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Roast meat


ellencho
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Usually, in a recipe for some roast meat, whether it be beef, pork, turkey etc, it tells you to let the meat sit for 20 minutes or so to rest before cutting into it, to prevent juice from spilling forth. However, even after waiting 20 minutes my pork loins, roast beef, whatever, almost ALWAYS spill juices. I normally cook meat with my trusty Pyrex Probe thermometer, so I began waiting for the temperature to stop rising, and begin falling. Oftentimes when I do that, any of the meat that is not near the core of the roast (where the thermometer is) is not as warm as I would like it to be for serving to my family.

Can anyone help me on this? The done-ness of my meat is never an issue, it's just the juice spillage and the serving temperature that are my issues.

Edited by ellencho (log)

Believe me, I tied my shoes once, and it was an overrated experience - King Jaffe Joffer, ruler of Zamunda

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I'm no chef but I always let meat rest in a warm environment (ie stove or barbecue) - 20 minutes seems a little long - for steaks I usually put them on a plate tented in tin foil for five minutes tops - a roast I might let sit for 5-8 minutes tented - the juices in your meat will always run a little bit - its simply crying.

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I'd say the meat is fully rested when it stops hitting the snooze button...

Oh, you mean...

Always rest tented in alum foil in a warm spot. A thin cut should be finished resting after 5-10 minutes. The big ol thick roasts can go up to 25 or 30 minutes or more. If in doubt, cut off one slice from a hidden spot. (Quality control. You have to check the seasoning, you know.) If you aren't frantically reaching for towels to keep the juice from running off the board, you should be good to go.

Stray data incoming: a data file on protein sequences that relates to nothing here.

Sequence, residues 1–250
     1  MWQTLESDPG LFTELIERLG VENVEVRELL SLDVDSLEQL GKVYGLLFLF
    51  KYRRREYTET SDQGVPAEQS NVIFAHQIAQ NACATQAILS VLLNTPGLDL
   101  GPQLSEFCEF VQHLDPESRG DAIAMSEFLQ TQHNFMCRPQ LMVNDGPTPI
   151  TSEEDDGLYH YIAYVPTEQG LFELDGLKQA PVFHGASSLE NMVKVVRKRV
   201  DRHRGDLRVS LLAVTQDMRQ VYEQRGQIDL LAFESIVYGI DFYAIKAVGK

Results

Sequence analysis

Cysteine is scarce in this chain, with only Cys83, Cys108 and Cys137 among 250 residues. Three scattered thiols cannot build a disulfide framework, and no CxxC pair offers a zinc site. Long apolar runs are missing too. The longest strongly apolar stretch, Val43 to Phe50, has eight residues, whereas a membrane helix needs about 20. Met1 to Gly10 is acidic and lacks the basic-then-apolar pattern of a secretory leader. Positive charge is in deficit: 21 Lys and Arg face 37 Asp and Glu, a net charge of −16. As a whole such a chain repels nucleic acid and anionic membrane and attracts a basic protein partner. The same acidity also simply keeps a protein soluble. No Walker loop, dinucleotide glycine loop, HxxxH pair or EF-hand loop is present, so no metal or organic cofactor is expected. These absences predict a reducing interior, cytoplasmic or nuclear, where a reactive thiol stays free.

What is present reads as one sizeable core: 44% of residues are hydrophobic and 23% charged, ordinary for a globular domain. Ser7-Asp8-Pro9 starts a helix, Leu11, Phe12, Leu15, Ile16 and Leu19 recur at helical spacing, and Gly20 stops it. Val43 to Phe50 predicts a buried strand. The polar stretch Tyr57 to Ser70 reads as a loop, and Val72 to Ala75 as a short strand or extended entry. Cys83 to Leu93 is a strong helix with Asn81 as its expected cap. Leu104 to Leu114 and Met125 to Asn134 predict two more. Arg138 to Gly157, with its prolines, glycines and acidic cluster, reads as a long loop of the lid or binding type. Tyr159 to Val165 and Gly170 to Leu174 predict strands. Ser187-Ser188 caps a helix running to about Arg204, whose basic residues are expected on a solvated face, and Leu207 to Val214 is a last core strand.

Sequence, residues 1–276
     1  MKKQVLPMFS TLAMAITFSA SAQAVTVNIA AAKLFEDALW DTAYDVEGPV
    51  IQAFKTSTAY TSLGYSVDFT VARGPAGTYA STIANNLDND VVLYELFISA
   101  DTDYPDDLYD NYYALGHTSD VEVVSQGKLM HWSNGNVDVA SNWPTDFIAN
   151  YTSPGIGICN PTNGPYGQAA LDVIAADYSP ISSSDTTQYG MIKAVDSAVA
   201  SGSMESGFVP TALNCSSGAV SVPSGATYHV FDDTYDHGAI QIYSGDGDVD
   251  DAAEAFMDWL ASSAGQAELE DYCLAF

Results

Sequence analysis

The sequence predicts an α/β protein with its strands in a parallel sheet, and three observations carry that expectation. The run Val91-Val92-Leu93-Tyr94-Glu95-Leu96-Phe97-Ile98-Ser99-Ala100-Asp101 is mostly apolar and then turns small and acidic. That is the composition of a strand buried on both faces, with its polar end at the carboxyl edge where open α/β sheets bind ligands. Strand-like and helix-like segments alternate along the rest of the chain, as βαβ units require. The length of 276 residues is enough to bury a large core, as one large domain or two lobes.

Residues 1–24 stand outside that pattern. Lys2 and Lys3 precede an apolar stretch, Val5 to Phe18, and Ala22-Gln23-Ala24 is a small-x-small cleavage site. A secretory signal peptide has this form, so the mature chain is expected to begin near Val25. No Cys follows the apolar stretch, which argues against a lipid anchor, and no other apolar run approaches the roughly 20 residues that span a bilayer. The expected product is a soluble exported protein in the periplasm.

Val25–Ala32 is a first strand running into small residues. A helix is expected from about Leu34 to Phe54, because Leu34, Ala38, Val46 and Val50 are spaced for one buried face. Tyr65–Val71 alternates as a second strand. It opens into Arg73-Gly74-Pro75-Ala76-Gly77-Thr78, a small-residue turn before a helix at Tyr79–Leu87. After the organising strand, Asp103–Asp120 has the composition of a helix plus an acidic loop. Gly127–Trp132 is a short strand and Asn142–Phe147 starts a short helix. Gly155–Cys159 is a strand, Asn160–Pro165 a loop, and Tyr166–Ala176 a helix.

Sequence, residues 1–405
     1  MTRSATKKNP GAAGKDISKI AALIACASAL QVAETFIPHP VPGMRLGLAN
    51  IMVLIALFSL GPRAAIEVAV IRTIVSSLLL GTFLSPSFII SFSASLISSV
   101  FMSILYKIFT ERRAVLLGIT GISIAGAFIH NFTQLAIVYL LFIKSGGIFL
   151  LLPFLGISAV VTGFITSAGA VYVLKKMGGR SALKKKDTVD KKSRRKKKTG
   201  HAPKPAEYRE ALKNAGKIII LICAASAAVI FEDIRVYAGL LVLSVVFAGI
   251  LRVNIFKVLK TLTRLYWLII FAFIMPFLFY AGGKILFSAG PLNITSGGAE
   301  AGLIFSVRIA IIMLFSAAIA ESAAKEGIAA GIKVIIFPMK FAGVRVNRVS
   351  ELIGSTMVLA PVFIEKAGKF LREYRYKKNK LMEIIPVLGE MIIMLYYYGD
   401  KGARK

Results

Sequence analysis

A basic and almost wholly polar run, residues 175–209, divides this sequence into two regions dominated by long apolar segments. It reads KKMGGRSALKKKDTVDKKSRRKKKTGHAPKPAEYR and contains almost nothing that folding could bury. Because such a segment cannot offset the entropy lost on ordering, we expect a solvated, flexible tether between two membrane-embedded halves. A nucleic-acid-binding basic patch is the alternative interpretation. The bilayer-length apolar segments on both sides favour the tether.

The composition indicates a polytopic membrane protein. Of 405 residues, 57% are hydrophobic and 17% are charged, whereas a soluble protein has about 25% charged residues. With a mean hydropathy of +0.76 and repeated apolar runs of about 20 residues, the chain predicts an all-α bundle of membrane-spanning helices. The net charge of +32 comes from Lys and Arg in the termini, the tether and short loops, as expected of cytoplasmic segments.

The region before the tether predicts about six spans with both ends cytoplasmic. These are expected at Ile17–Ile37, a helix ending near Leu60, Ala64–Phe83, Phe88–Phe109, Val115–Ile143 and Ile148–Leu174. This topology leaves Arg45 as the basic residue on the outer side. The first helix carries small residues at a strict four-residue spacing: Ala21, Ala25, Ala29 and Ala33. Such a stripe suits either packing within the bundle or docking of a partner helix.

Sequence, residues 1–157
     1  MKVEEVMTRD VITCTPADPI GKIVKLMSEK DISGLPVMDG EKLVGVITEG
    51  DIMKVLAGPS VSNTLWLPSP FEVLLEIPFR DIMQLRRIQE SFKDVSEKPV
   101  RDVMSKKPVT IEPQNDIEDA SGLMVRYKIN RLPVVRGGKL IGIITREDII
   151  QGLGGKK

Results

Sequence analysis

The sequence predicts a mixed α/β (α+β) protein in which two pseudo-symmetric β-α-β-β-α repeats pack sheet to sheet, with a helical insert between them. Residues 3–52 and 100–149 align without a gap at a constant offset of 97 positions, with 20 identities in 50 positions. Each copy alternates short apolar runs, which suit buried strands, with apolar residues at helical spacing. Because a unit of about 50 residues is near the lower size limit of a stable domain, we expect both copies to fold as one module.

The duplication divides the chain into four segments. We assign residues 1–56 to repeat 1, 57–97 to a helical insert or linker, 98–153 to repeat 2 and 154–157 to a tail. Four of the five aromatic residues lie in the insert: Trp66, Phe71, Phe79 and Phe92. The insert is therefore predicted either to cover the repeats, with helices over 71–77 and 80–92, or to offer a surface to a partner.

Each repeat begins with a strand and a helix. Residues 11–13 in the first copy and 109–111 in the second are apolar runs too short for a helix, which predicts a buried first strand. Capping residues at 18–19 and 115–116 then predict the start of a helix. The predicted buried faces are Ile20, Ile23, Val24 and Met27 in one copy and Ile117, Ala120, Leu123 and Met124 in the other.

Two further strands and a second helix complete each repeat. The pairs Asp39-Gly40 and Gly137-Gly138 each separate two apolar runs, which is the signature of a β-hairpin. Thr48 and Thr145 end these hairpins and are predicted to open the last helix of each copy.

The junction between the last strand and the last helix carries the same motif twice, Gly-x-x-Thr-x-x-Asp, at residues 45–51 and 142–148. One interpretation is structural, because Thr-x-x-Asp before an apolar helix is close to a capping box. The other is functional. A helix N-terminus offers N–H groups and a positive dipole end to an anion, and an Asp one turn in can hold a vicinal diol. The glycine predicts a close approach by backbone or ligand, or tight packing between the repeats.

Edited by FistFullaRoux (log)
Screw it. It's a Butterball.
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A roasting method for large chunks of meat that I picked up from Alton Brown is to roast at a low temp (200-225) until the meat is about 10deg below desired doneness, rest about 20 minutes tented with foil, then stick into really hot over for a few minutes to create a crust.

For steaks grilled or fried medium-rare, resting for 5 minutes seems to be enough.

I've noticed that same cut of meat from different places or different quality will have different amounts of "blood." I suspect this is a matter of dry aging it so there's less moisture to spill.

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A general rule of thumb is to rest for 1/2 the cooking time. Even with well rested meat you will still lose some of the juices when you cut it, just not as much as you would if you don't rest it at all.

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The done-ness of my meat is never an issue, it's just the juice spillage and the serving temperature that are my issues.

I think you worry too much. If you have cooked a succulent piece of meat then it's going to be juicy, when you cut into it then it's bound to lose juice however long you rest it. If you don't get any juice then you've overcooked it. If the serving temperature is less than your family like then you've rested it too long. As a personal preference I'm not keen on over-hot food but I know some people don't think it's food unless it's piping hot, so get it at the right temp for them and stop worrying about the juice.

Again a foible but I cook steak in the shortest possible time and then leave it to rest close covered in foil for at least 15 minutes, sometimes more. My guests say I cook "the best steak" so I figure it can't be all wrong.

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Even with well rested meat you will still lose some of the juices when you cut it, just not as much as you would if you don't rest it at all.

To paraphrase DonRocks, I think this statement needs closer analysis.

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